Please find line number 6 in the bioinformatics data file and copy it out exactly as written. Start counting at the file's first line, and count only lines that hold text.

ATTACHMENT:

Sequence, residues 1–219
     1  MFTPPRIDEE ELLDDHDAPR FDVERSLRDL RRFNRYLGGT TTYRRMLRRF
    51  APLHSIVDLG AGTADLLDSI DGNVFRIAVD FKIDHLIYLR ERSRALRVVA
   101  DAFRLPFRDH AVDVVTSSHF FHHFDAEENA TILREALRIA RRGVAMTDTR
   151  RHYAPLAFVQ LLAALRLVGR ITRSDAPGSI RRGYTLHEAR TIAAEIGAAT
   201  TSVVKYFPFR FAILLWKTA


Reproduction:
   201  TSVVKYFPFR FAILLWKTA